Huge methane leak in Arctic Ocean: study
Friday 05 March 2010
Methane is leaking into the atmosphere from unstable permafrost in the Arctic Ocean faster than scientists had thought and could worsen global warming, a study said Thursday.
From 2003 to 2008, an international research team led by University of Alaska-Fairbanks scientists Natalia Shakhova and Igor Semiletov surveyed the waters of the East Siberian Arctic Shelf, which covers more than 772,200 square miles (two million square kilometers) of seafloor in the Arctic Ocean.
"This discovery reveals a large but overlooked source of methane gas escaping from permafrost underwater, rather than on land," the study said.
"More widespread emissions could have dramatic effects on global warming in the future."
Earlier studies in Siberia had focused on methane escaping from thawing permafrost on land.
Scientists have long thought that the permafrost under the East Siberian Arctic Shelf acted as an impermeable barrier that sealed in methane, a powerful greenhouse gas 30 times more potent that carbon dioxide.
But the research team's observations showed that the permafrost submerged on the shelf is perforated and leaking large amounts of methane into the atmosphere.
More than 80 percent of the deep water and more than half of surface water had methane levels around eight times higher than found in normal seawater, according to the study published in the journal Science.
The researchers warned that the release of even a fraction of the methane stored in the shelf could trigger abrupt climate warming.
"Ocean-bottom permafrost contains vast amounts of carbon, and experts are concerned that its release as methane gas would lead to warmer atmospheric temperatures, thus creating a positive-feedback loop that would lead to more methane escaping from the permafrost and more global warming," they said.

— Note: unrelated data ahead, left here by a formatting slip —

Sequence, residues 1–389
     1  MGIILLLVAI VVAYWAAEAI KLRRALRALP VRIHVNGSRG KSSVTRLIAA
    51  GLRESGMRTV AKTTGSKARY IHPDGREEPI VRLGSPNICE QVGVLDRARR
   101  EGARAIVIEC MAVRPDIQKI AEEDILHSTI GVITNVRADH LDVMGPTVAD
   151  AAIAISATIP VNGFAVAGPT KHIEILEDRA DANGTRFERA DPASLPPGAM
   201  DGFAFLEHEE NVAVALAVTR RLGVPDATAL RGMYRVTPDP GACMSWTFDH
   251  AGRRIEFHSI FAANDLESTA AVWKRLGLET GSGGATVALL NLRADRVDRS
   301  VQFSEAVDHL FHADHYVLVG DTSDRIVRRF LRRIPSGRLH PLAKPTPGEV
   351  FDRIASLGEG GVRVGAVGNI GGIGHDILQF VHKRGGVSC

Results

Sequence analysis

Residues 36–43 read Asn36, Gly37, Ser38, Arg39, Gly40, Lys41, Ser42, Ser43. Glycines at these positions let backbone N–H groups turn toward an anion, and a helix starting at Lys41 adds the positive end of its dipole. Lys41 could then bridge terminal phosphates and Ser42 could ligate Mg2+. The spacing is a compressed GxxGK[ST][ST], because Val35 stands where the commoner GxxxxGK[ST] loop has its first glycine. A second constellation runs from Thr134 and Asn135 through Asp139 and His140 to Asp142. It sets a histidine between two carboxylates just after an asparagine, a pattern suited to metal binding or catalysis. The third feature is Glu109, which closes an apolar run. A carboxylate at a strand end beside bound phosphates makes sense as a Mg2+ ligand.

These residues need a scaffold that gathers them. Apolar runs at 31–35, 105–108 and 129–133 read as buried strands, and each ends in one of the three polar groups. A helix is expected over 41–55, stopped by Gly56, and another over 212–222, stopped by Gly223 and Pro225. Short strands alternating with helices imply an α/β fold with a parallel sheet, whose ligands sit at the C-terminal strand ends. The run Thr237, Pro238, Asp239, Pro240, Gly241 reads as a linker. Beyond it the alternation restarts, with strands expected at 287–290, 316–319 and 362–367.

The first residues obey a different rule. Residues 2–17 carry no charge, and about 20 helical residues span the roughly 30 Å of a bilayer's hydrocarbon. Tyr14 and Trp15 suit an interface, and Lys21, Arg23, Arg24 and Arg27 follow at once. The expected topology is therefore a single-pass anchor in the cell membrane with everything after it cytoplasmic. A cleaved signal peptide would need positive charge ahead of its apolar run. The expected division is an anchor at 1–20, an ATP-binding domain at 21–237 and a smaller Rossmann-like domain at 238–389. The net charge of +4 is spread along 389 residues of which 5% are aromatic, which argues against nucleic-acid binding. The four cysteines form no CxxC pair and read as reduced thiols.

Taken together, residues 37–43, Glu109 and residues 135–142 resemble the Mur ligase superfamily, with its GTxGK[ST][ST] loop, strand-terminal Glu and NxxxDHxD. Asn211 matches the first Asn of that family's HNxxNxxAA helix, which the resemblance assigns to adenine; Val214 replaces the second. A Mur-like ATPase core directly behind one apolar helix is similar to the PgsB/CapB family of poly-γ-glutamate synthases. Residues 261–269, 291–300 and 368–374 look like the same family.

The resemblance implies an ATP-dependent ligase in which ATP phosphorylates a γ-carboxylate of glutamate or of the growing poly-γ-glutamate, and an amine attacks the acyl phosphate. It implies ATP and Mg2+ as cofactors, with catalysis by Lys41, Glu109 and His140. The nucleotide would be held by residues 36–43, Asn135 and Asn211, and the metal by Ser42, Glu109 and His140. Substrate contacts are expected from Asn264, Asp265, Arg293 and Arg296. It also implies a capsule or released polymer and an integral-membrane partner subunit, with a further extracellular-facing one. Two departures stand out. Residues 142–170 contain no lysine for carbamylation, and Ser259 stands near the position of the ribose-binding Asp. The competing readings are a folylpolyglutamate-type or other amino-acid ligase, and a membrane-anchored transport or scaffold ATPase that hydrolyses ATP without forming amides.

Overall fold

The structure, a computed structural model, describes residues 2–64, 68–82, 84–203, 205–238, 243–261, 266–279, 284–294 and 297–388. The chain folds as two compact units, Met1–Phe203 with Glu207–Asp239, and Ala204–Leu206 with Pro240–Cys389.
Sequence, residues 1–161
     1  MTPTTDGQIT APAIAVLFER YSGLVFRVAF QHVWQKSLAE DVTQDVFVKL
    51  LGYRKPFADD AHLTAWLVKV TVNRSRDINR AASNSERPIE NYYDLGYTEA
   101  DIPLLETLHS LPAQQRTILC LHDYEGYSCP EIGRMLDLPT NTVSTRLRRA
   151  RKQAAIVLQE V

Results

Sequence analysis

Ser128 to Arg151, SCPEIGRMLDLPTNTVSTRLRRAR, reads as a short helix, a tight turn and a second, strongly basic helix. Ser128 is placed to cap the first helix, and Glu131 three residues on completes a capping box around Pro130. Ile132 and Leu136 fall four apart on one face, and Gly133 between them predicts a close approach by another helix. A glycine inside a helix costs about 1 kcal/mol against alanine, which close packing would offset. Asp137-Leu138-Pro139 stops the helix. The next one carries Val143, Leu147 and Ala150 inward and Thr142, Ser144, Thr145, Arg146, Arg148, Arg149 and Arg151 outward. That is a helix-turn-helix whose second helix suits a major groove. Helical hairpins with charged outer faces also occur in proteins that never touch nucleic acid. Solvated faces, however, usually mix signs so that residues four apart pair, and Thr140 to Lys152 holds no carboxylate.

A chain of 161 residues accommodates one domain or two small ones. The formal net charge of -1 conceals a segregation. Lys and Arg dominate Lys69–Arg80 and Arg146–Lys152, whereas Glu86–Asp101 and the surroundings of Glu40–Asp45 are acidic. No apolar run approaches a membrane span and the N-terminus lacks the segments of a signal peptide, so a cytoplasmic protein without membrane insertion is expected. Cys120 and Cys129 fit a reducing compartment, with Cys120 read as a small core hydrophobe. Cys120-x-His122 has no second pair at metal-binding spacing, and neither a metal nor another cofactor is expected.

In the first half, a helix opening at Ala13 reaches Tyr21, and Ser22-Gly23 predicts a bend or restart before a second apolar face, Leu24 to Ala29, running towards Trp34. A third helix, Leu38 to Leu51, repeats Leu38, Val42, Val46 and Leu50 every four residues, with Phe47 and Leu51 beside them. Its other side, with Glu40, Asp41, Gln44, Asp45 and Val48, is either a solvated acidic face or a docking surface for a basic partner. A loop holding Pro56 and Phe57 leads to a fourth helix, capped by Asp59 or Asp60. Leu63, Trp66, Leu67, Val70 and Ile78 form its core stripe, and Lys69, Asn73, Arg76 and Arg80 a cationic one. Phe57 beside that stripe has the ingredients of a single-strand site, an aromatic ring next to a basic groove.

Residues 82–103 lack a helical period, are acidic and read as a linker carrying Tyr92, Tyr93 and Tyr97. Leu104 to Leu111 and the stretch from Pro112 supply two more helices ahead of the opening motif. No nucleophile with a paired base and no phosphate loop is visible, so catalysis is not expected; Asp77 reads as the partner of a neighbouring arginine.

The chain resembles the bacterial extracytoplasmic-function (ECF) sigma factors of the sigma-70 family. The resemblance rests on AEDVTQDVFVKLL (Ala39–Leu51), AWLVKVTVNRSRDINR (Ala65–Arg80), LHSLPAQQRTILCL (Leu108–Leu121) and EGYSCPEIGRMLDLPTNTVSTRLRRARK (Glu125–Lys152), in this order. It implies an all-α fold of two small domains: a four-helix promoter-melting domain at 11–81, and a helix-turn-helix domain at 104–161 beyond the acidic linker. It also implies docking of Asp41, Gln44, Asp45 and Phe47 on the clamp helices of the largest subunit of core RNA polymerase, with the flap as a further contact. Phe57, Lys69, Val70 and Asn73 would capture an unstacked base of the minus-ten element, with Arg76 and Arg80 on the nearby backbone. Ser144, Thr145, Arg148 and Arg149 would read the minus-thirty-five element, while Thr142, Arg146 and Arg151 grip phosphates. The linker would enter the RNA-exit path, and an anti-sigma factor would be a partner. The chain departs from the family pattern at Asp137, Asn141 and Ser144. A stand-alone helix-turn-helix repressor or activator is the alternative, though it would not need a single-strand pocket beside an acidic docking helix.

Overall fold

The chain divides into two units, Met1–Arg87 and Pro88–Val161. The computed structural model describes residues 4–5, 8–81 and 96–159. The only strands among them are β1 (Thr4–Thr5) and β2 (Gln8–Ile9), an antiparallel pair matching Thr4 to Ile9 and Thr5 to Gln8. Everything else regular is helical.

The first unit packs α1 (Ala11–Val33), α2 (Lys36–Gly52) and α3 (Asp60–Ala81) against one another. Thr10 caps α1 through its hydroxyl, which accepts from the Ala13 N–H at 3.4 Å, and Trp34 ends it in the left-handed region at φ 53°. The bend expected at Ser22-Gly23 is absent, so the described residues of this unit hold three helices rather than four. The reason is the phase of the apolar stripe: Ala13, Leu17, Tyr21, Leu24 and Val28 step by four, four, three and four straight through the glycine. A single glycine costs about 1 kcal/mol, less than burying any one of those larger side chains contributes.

Current average methane concentrations in the Arctic average about 1.85 parts per million, the highest in 400,000 years, said Shakhova.
Concentrations above the East Siberian Arctic Shelf are even higher, and scientists are concerned because the undersea permafrost "has been showing signs of destabilization already," she added.
"If it further destabilizes, the methane emissions... would be significantly larger."
Geological records indicate that atmospheric methane concentrations have varied between about .3 to .4 parts per million during cold periods to .6 to .7 parts per million during warm periods.
As Iraq runs dry, a plague of snakes is unleashed
The top 10 weirdest animal mating rituals
Cornwall hotter than California? British sea temperatures hit all-time high
The ten best cycling accessories
The ugliest animals on earth: Blobfish, axolotl and proboscis monkey battle it out to be named least attractive beast
- 1 Woman and two children killed by mob in riots over 'blasphemous' Facebook post in Pakistan
- 2 Christians: The world's most persecuted people
- 3 The secret report that helps Israel hide facts
- 4 Danish TV reporter is all business up top, all party down below
- 5 Ross Burden dead: MasterChef and Ready Steady Cook star dies at age 45
The secret report that helps Israel hide facts
A day in the life of Vladimir Putin: The dictator in his labyrinth
Were 'Poor Doors' added to mixed developments so wealthy residents don't have to go in alongside social housing tenants?
A new Russian revolution: The cracks are starting to appear in Putin’s Kremlin power bloc
Arizona execution lasts two hours as killer Joseph Wood left 'snorting and gasping' for air
Opponents of Israel's military operation in Gaza are the real enemies of Middle Eastern peace
Excellent Salary : Austen Lloyd: BRISTOL - NICHE DEFENDANT FIRM - Defendant Pe...
£45000 - £60000 per annum + competitive: Progressive Recruitment: JAVA DEVELO...
£30000 - £34000 Per Annum 25 days holiday, Private healthcare: Clearwater Peop...
£475 - £550 per day: Progressive Recruitment: MDAX / Dynamics AX / Microsoft D...